RM v Scottish Ministers [2012] UKSC 58, [2012] MHLO 133

"This appeal raises a question as to the effect of a commencement provision in a statute which provides that provisions "shall come into force" on a specified date, and a consequential question as to the effect of a provision conferring upon Ministers the power to make regulations, where the provisions which are subject to the commencement provision cannot come into effective operation unless such regulations have been made. ... These questions arise in relation to the Mental Health (Care and Treatment) (Scotland) Act 2003 ("the 2003 Act"). The relevant substantive provisions are contained in Chapter 3 of Part 17, comprising sections 264 to 273. That Chapter is concerned with the detention of patients in conditions of excessive security." [Detailed summary available.]

Related cases

RM v Scottish Ministers [2012] UKSC 58, [2012] MHLO 133

ICLR

The ICLR have kindly agreed for their WLR (D) case report to be reproduced below.  

STATUTE — Commencement — Date — Provision enabling qualifying detained mental patients to apply for declaration that they were being held in conditions of excessive security — Provisions to come into force by specified date — Regulations required to define qualifying patients — No regulations made by specified date or at all — Whether failure to make regulations unlawful — Mental Health (Care and Treatment) (Scotland) Act 2003 (2003 asp 13), ss 268(11)(12), 333(2)

M v Scottish Ministers

[2012] UKSC 58!; [2012] WLR (D) 365

SC(E): Lord Hope of Craighead DPSC, Baroness Hale of Richmond, Lord Wilson, Lord Reed and Lord Carnwath JJSC: 28 November 2012

It had been unlawful for the Scottish Ministers to fail to make the necessary regulations defining a who was a “qualifying patient” detained at a “qualifying hospital” and thus entitled to apply for a declaration from the Mental Health Tribunal for Scotland that he was a person detained under conditions of excessive security pursuant to section 268 of the Mental Health (Care and Treatment) (Scotland) Act 2003 which came into force on 1 May 2006 pursuant to section 333(2) of that Act.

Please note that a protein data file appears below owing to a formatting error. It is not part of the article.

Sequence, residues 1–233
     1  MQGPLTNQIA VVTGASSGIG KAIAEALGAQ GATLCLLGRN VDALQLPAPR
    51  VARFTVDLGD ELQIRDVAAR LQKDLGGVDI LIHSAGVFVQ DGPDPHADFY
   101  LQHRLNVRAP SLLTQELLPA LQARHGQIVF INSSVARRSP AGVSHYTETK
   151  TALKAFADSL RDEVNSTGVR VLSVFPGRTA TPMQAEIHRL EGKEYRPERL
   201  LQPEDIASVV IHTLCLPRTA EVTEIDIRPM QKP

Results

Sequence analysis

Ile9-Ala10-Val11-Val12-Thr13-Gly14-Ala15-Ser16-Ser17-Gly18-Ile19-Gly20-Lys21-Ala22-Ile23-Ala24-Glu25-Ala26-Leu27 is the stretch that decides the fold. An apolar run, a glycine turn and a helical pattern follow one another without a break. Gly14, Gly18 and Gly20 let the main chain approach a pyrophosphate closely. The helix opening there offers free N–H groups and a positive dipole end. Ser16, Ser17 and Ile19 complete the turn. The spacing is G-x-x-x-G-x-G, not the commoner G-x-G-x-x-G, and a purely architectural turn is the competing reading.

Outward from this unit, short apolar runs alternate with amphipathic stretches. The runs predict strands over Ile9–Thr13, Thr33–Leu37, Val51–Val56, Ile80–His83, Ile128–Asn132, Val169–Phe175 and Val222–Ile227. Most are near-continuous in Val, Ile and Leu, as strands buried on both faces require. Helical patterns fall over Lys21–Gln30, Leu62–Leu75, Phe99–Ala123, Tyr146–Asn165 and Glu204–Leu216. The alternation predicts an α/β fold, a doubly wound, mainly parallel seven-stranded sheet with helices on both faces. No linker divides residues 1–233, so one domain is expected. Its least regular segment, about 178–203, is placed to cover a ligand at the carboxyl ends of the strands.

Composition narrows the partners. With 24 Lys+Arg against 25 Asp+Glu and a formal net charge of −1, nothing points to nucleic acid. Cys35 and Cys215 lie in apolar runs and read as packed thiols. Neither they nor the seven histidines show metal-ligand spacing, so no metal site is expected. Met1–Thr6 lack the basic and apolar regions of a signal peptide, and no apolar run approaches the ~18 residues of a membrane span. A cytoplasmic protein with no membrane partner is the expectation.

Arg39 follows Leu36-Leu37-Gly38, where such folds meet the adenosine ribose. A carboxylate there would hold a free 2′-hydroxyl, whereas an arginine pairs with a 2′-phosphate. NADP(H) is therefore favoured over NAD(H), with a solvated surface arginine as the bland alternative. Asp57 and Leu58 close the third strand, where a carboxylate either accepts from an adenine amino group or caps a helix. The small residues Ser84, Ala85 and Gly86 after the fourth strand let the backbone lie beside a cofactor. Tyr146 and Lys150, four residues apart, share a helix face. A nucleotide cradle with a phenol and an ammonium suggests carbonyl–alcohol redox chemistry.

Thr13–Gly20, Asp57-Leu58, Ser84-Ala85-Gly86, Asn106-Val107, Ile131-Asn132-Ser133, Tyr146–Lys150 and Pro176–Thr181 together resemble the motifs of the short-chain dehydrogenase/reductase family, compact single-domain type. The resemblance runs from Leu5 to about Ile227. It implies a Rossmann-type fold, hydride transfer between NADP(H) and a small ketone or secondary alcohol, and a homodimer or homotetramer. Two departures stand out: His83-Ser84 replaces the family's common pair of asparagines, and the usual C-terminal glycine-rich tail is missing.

The Supreme Court so held in allowing the appeal of the petitioner, RM, who was a person detained under a compulsion order at a psychiatric hospital, from a decision of an Extra Division of the of the Inner House of the Court of Session (Lord Hardie, Lord Bonomy and Lord Marnoch) 2011 SLT 787 refusing his reclaiming motion from the refusal of the Lord Ordinary, Lord Carloway 2008 SLT 928, of his petition for judicial review by way of a declarator to such effect.

LORD REED JSC (with whom LORD HOPE OF CRAIGHEAD DPSC, BARONESS HALE OF RICHMOND, LORD WILSON and LORD CARNWATH JJSC agreed) said that the distinction which the Scottish Ministers had sought to draw between a provision being in force, in the sense that it had become law, on the one hand, and its being in effective operation, on the other hand, was in principle a valid distinction. That conclusion did not however permit one to infer, from a commencement provision in the form of section 333(2), that Parliament had not intended that the provisions to which it applied should be brought into effective operation on the date when they came into force. On the contrary: the inference which one would naturally draw, unless the contrary intention appeared, was that Parliament had intended the provisions to be in effective operation as soon as they were brought into force. There was nothing to indicate that the Scottish Parliament had intended that the provisions should come into force on 1 May 2006 but might nevertheless remain a dead letter for an indefinite period thereafter. In the absence of any such indication, it was reasonable to infer that the Scottish Parliament had intended that the provisions in question should be in effective operation, as well as being in force, on 1 May 2006. It followed that, although the Ministers had had a discretion as to the manner in which they exercised their power to make the necessary regulations, they had been under a duty to exercise that power no later than 1 May 2006. In the event, the Ministers’ failure to exercise their power to make the necessary regulations by 1 May 2006, or since that date, had had the result that, although section 268 was technically in force, it had no more practical effect now than it had had on the date, more than nine years ago, when the 2003 Act had received Royal Assent. The Ministers’ failure to make the necessary regulations had thus thwarted the intention of the Scottish Parliament. It therefore was, and remained, unlawful.

Appearances: Jonathan Mitchell QC and Lorna Drummond QC (instructed by Frank Irvine Solicitors Ltd, Glasgow) for the petitioner; James Mure QC and Jonathan Barne (instructed by Solicitor to the Scottish Government, Edinburgh) for the Scottish Ministers.

Reported by: Ms B L Scully, Barrister.

© 2012. The Incorporated Council of Law Reporting for England and Wales.

External link

BAILII!

ICLR